The NHL Players' Association's executive board is voting on a 24-team playoff proposal as the return to play format, according to a person with knowledge of the situation.
The person spoke to The Associated Press on condition of anonymity Thursday night because the vote was still ongoing. Results of the vote could be in as soon as Friday night.
Even if the executive board votes to approve the format, it doesn't yet seal the deal for the NHL season resuming. The league and players union still need to negotiate other details, including health and safety protocols.
But the format is a substantial piece of the return to play puzzle.
Under the plan proposed by the joint NHL/NHLPA Return To Play Committee, the top four teams in each of the Eastern and Western Conferences would play each other for seeding while the remaining 16 teams face off in a best-of-five series play-in round to set the final 16 to compete for the Stanley Cup.
That would mean byes for Boston, Tampa Bay, Washington and Philadelphia in the East and defending champion St. Louis, Colorado, Vegas and Dallas in West. Pittsburgh, Carolina the New York Islanders and Rangers, Toronto, Columbus, Florida and Montreal would also make it in the East and Edmonton, Nashville, Vancouver, Calgary, Winnipeg, Minnesota, Arizona and Chicago in the West.
“I feel like if you’re doing the 24-team thing, it basically gives a team a chance that had no chance of making it, which if you play 82 there’s maybe 6, 8% chance that the team in 12th place (in the conference) makes it,” Carolina player representative Jordan Martinook said Wednesday, more than 24 hours before the executive board meeting. “Nobody’s ever seen this before, but at the end of the day, the Stanley Cup Playoffs are 16 teams, seven games a series.”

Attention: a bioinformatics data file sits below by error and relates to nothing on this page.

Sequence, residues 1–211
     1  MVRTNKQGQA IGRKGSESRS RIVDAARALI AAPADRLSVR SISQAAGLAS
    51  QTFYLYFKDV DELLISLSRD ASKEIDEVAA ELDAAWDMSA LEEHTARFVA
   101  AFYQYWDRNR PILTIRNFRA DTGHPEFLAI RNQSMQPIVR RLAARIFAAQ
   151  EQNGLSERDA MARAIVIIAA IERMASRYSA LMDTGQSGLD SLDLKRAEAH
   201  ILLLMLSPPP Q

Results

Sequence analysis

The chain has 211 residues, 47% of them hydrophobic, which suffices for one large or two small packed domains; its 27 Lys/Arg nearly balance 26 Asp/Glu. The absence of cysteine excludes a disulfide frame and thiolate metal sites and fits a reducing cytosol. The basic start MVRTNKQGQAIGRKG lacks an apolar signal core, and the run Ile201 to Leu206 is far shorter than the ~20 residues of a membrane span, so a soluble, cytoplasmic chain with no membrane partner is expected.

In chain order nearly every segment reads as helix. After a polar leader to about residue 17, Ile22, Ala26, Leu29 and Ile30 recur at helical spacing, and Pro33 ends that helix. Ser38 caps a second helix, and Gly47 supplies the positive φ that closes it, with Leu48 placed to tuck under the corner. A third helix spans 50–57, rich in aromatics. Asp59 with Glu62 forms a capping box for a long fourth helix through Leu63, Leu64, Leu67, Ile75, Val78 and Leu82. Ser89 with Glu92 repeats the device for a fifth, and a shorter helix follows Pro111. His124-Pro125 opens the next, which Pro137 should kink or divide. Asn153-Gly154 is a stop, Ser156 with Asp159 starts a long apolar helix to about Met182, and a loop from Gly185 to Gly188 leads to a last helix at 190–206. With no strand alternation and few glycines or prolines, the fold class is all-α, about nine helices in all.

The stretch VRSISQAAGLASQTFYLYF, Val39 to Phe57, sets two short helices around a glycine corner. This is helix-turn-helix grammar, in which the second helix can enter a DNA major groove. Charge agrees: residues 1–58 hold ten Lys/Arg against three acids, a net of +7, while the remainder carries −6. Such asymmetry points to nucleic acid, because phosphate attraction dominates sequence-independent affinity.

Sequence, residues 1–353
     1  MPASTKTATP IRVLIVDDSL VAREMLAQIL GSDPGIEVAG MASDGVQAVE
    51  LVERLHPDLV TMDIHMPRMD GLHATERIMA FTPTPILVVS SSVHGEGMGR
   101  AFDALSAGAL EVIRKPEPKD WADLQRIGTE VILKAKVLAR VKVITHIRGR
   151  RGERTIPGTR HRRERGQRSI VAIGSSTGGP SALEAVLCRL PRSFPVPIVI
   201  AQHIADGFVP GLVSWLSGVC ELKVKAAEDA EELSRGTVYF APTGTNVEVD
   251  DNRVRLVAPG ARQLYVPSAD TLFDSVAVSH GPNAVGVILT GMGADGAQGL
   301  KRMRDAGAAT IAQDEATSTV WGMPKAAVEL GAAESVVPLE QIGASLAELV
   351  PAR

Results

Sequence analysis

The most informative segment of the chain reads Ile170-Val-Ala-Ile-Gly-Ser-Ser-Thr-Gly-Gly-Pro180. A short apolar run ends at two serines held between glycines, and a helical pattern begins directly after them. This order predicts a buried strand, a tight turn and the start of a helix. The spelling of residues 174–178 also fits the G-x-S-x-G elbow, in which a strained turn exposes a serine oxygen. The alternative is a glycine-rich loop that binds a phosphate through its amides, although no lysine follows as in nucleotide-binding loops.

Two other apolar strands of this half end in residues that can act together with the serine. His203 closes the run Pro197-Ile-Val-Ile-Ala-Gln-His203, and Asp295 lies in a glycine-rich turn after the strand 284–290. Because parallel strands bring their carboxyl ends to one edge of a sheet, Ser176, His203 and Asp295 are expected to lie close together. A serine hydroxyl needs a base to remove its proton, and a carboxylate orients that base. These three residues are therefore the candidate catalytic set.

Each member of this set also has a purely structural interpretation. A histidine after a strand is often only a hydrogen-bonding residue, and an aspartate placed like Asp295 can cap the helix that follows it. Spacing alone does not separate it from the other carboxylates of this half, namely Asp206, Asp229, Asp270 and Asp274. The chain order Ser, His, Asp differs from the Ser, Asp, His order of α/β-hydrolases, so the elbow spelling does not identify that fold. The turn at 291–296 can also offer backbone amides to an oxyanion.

This format would lead to the traditional four rounds of seven-game series.
“I don’t think there’s going to be a perfect scenario where everyone’s super excited about," Nashville's Ryan Johansen said earlier Thursday. "As long as everybody can agree and be happy with the decision that will be made, that’s really all that matters.”
If the NHLPA's executive board and the league's board of governors approve the plan, the who of returning would be set. The where, when and how must still be determined, including how many cities will host games, quarantine regulations and testing.
“Nothing’s really certain until it’s certain, so things can change so quickly and they have on different things,” Return to Play committee member James van Riemsdyk of the Flyers said Wednesday. “We’re trying to keep as many options open and navigate through different things and hopefully come up with a vision that obviously first and foremost is the health and safety of everyone.”
Commissioner Gary Bettman this week said the league was looking at eight or nine locations to serve as hub cities for the resumption of the season.
It's unclear when the league and players will agree to begin the second phase of preparations for return, which would be the reopening of team practice facilities and voluntary workouts. The following step would then likely be a three-week training camp before games resume.
“Obviously it’s an important thing to navigate through all the different issues that there are so that ultimately we can try to find a safe way to get things going here,” van Riemsdyk said. “There’s been some different talks and things like that and talking about a bunch of different things and trying to sort through some different issues.”
AP Sports Writer Teresa M. Walker in Nashville, Tennessee, contributed to this report.
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Stephen Whyno And John Wawrow, The Associated Press